Nigeria is currently the world's 7th most populous country. UN projections suggest that it could surpass the U.S. and become the 3rd most populous nation by the middle of this century. Thus, it should be higher on our collective radar screen that it currently is. Among the many issues within the country, the two latest are connected: (1) tens of thousands of internally displaced persons (IDPs) in the northeast of the country, forced out by violence inflicted on the area by Boko Haram; and (2) the discovery of two new polio cases in the same region, probably for the same reason.
On NPR's "All Things Considered" a couple of days ago, the problems associated with being internally displaced were discussed in some detail.
Children are among the hardest hit by seven years of Boko Haram's violent insurgency in northeastern Nigeria. Doctors Without Borders warns acutely malnourished children risk starvation and even death. Tens of thousands of people are seeking shelter, food and medical aid, uprooted from their homes by the militants the Nigerian military claims they have defeated.And BBC News, among many others, covered the story about the polio cases. In 2012, Nigeria was home to half of all reported polio cases in the world, but was working hard to vaccinate all children against the paralyzing disease, the spread of which can only be prevented by immunization.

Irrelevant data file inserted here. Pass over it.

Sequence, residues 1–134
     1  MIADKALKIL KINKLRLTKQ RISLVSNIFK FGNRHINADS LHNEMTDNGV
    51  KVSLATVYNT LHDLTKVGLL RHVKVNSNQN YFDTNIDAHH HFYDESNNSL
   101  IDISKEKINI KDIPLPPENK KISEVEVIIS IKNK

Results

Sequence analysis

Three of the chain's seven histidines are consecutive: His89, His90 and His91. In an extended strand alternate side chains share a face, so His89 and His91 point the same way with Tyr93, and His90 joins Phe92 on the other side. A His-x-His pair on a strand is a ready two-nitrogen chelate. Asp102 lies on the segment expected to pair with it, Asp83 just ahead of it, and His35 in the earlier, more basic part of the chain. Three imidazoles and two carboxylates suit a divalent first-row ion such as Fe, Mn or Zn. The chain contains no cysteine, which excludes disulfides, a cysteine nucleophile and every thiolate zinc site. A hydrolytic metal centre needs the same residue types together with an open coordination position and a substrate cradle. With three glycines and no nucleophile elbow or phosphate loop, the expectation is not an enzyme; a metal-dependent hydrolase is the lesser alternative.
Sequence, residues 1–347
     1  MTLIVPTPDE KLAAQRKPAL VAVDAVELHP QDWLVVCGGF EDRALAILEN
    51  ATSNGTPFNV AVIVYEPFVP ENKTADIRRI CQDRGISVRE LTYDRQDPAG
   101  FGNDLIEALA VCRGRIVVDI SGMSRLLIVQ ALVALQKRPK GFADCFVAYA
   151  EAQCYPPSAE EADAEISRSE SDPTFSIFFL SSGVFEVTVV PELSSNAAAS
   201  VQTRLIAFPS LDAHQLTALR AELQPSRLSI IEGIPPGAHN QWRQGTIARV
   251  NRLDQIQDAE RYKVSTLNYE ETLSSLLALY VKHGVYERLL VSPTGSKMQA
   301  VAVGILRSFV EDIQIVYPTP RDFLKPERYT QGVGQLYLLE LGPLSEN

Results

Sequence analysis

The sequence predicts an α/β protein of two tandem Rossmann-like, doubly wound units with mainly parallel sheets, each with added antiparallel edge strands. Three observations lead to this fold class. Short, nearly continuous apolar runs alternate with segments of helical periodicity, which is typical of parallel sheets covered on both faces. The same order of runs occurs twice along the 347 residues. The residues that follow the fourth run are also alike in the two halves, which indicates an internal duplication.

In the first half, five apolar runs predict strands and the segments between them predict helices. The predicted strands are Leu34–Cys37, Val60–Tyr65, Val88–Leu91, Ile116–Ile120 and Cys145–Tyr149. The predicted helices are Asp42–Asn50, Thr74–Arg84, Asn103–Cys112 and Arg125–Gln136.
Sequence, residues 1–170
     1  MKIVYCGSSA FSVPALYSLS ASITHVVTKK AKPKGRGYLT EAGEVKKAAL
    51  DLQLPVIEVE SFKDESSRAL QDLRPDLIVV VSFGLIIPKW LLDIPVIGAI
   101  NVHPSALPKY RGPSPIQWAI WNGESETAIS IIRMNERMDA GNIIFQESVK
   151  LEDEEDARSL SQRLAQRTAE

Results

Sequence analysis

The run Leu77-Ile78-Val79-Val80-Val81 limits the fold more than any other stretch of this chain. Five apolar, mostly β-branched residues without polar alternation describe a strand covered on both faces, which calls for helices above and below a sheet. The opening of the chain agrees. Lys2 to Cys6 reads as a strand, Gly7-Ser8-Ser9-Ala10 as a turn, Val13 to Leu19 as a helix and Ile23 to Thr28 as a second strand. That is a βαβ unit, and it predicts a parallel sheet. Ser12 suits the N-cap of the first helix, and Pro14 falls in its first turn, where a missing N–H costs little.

The government said polio paralysed two children in Borno state, a part of Nigeria where Boko Haram militants have hindered health campaigns. The development is seen as a major setback for Nigeria, which was on track to be declared polio free in 2017. The cases were confirmed exactly two years after Africa's last previous case - in the Puntland region of Somalia, on 11 August 2014. Nigeria's government said that one million children would be immunized in the affected areas in Borno and a further four million will also be targeted in neighbouring states.As bad as these events are, Nigeria's 2 million IDPs doesn't quite put it among the top ten list of countries in terms of the number of internally displaced persons. Data from the Humanitarian Information Unit of the U.S. State Department suggest that Syria leads the list, followed by Colombia, India, China, Iraq, Sudan, Nepal, Yemen, Pakistan, and the Philippines.